This third blog in our series examines the factors that influence Total Cost of Ownership (TCO) for OSS and how those costs differ from proprietary software, developed and sourced commercially, in-house, and from open source, with particular attention to TCO for test automation.
Migration from Legacy
At some point in the history of an organization, a software solution or a software category will be acquired or developed for the first time. But equally often, organizations find themselves with the need to replace a legacy solution or system, including requirements to support new instrumentation, with accompany requirements to develop new drivers, interfaces, APIs, listeners, etc.
Moving from an incumbent solution to a new software tool or platform does not happen spontaneously. It is a process with associated costs.
As with any type of legacy software, moving to a new test automation platform presents risks in configuration, programming, and operation, and requirements for that move:
Need to learn a new testing framework, a different architecture, or an unfamiliar programming language, and retarget legacy code, scripts, test cases, etc. to it
Ensure compatibility and interoperability with existing test software and hardware instrumentation
Establish stability and quality of the migration target
Verify utility and usability of solution outputs
Avoid interruption or degradation of existing operations, e.g., ability to collect results data and maintain testing continuity
Proof of Concept
Rather than taking a “leap of faith”, a proof-of-concept lets you test and evaluate important metrics and parameters in a real-world setting. Costs for a POC can encompass acquiring software for testing, reconfiguring legacy hardware or acquiring new prototypes, training, physical space and possible cloud tenancy.
Learn more about OpenTAP PoC.
Training costs seldom account for a major share of expenditures but are not insignificant, especially for large teams. Training expense can include tuition (for standardized training), instructor fees (for in-house training), training development (for customized or 100% custom training), travel costs for off-site education, materials and repro-graphic costs for syllabi, study guides and manuals, meals and other incidentals.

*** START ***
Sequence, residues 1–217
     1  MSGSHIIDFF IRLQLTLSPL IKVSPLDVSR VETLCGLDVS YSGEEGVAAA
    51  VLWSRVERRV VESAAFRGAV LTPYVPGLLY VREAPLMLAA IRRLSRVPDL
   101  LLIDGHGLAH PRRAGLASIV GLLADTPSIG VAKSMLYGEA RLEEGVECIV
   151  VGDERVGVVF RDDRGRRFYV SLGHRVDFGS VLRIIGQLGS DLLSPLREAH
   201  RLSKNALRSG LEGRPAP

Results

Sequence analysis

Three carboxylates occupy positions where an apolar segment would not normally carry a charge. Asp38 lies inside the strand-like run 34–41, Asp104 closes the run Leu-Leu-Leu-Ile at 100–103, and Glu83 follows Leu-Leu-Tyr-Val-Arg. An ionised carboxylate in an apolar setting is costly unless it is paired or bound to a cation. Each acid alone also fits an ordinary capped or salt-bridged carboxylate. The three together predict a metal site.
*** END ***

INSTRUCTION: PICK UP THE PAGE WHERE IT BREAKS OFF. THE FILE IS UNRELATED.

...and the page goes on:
For open source, and for broadly used proprietary software (think Windows, an Office Suite or popular databased), a big advantage is that training is usually available through multiple channels and over a range of media -in-person, remote, web-based, etc. Vertical and specialty applications, and bespoke software, open or closed, will have few COTS options and the greatest need for custom-built training. As with any type of software, training for open source is usually a worthwhile investment.
Just because you are migrating to a new platform does not mean that you can say goodbye to the incumbent software. If at all possible, organizations should carry forward and reuse key elements of legacy test automation, into the PoC, as a practical measure and to reduce costs.
However much or little of the incumbent test infrastructure is carried forward, legacy test code, test platform(s), documentation and infrastructure should be captured and archived. In many cases, the replacement with new technology will be incremental, raising costs by requiring support for two (or more) solutions.
Integration and Operationalization
Once you determine the actual viability and cost for a test automation solution, you still need to “plug it in” to existing workflows, or modify those work flows. Those workflows can include system, platform and application builds, module and system testing, QA/QC and beyond.
This integration typically follows one of two approaches: “wrapping” the new interfaces to match legacy patterns or modifying existing workflows to accommodate new tools, frameworks, file formats, etc.
The next blog in this series delves into costs that include
Support and maintenance
End of life